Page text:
Frankly, if the Commission believes there is no leeway for interpretation and that the items referred to in Section 407 all must be satisfied, there is little if any reason to add this discussion of factors, or of discretionary decision-making by the board. A director either "has" the attributes or he or she doesn't, and if a literal interpretation is to be required, then there is no reason to go off exploring these factors.
And if the Commission adopts such a narrow approach, then most companies would be best advised simply to say they don't have directors who are "financial experts," at least as defined by the SEC, and to describe instead the factors the board felt were important qualities for a director of the company (including those we mentioned above); to enumerate the individual backgrounds of the company's directors, including those factors that the board feels contribute to "financial literacy," if not "financial expertise;" and then to leave it to the investing public whether this is a company in which they want to invest.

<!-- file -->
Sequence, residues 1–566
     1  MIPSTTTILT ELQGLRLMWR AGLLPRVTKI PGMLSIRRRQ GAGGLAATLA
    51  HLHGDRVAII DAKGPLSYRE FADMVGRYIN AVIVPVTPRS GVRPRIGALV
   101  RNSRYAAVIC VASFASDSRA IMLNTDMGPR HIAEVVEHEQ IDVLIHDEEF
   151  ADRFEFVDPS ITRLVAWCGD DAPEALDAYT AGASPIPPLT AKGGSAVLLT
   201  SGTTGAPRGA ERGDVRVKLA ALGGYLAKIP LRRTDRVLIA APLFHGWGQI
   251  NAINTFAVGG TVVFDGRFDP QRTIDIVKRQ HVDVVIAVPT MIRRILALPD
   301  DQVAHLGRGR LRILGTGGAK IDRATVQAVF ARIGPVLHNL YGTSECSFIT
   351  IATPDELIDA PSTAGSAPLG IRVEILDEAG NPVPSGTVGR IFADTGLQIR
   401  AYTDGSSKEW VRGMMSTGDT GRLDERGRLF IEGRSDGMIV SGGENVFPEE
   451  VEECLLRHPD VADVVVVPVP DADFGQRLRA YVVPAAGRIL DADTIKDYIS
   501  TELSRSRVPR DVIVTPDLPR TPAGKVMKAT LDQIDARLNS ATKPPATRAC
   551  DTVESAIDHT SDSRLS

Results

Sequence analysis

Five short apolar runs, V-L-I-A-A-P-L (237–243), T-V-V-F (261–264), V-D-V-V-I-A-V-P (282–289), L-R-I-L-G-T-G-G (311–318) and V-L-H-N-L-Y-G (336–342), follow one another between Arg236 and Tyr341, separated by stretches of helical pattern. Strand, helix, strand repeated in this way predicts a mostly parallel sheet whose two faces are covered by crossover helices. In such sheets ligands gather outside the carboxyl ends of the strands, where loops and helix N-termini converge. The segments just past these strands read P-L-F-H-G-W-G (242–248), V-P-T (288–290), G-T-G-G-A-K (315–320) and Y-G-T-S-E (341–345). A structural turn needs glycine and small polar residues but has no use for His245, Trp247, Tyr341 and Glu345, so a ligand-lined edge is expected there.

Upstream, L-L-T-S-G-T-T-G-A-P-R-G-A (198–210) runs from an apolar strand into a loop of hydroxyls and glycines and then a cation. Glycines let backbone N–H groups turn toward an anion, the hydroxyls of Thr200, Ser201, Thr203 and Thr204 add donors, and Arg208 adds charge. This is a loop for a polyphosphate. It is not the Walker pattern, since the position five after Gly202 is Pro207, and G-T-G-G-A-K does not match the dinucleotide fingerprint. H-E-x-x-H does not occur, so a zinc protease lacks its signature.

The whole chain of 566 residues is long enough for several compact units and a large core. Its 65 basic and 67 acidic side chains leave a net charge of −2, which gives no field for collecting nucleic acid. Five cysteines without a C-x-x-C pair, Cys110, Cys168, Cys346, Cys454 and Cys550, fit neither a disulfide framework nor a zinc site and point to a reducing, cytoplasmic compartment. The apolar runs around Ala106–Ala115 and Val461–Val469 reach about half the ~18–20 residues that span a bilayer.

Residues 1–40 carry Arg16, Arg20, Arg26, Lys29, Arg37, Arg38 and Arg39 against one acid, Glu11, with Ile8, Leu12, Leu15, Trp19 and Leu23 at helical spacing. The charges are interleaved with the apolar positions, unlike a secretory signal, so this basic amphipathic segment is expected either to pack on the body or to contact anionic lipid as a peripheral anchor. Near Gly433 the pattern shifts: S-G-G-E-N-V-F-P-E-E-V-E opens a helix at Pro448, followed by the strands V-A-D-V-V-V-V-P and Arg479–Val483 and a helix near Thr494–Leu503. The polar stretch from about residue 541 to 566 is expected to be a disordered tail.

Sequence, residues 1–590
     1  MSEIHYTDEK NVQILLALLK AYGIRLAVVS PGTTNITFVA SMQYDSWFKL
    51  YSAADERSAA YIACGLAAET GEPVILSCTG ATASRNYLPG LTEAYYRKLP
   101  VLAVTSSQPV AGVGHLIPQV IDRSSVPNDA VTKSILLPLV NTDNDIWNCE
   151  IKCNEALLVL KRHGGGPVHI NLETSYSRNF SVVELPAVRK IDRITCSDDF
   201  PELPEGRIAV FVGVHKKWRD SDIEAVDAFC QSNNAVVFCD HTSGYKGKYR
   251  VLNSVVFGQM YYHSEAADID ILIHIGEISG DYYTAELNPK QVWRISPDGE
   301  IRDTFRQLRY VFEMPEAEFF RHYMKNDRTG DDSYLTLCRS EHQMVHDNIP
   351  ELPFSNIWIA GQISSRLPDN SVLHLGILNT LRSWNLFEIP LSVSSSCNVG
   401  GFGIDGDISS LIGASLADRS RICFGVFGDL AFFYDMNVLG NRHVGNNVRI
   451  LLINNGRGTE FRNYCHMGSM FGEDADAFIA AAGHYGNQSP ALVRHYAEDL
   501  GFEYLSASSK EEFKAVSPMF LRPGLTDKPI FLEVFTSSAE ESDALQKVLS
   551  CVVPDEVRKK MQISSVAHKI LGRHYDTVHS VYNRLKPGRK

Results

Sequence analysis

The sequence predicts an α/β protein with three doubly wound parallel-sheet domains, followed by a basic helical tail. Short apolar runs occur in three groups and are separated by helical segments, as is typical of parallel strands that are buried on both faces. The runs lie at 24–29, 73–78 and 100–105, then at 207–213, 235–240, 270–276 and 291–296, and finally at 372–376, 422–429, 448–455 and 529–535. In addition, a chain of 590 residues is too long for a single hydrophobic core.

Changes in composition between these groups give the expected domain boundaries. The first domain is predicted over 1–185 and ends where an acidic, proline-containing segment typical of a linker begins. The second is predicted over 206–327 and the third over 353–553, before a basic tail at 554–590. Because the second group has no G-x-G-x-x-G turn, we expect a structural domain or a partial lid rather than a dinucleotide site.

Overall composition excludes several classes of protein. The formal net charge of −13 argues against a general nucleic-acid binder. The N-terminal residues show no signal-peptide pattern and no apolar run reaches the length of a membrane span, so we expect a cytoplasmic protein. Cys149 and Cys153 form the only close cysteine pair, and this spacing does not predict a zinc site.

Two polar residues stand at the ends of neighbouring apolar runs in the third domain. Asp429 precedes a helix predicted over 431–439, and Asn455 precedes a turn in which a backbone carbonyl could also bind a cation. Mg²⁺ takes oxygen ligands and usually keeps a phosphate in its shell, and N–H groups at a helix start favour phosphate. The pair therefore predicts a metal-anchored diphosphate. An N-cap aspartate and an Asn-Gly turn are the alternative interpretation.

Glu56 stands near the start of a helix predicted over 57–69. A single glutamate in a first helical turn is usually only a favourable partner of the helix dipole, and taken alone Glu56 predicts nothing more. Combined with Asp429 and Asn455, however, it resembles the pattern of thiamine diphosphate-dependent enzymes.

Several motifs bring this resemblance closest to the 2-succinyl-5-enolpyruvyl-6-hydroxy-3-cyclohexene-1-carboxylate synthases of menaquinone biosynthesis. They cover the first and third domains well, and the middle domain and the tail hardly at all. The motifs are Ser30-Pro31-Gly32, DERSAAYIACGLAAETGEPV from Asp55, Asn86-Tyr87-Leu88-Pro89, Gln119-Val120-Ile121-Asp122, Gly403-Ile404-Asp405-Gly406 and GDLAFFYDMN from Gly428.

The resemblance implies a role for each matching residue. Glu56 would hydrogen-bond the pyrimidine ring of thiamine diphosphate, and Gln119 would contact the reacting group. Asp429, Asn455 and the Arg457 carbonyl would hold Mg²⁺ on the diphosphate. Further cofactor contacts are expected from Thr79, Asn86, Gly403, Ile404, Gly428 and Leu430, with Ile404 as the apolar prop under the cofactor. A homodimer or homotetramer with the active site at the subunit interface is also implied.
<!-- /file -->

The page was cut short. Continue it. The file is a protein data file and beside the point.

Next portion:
It would be a shame if this is the result of the SEC's rule-making, however, since the laudable purpose of the Sarbanes-Oxley Act is to assure that publicly traded companies make honest and accurate reports to the SEC and the investing public, and clouding the discussion with hair-splitting distinctions between "financial literates" and "financial experts" would help no one (except maybe outside law firms, which could hold more seminars on the subject).
Proposed Instruction 3 would permit the right result. It would allow a board to state what factors it deemed relevant in establishing financial expertise, and to discuss which directors the board believes meet the test.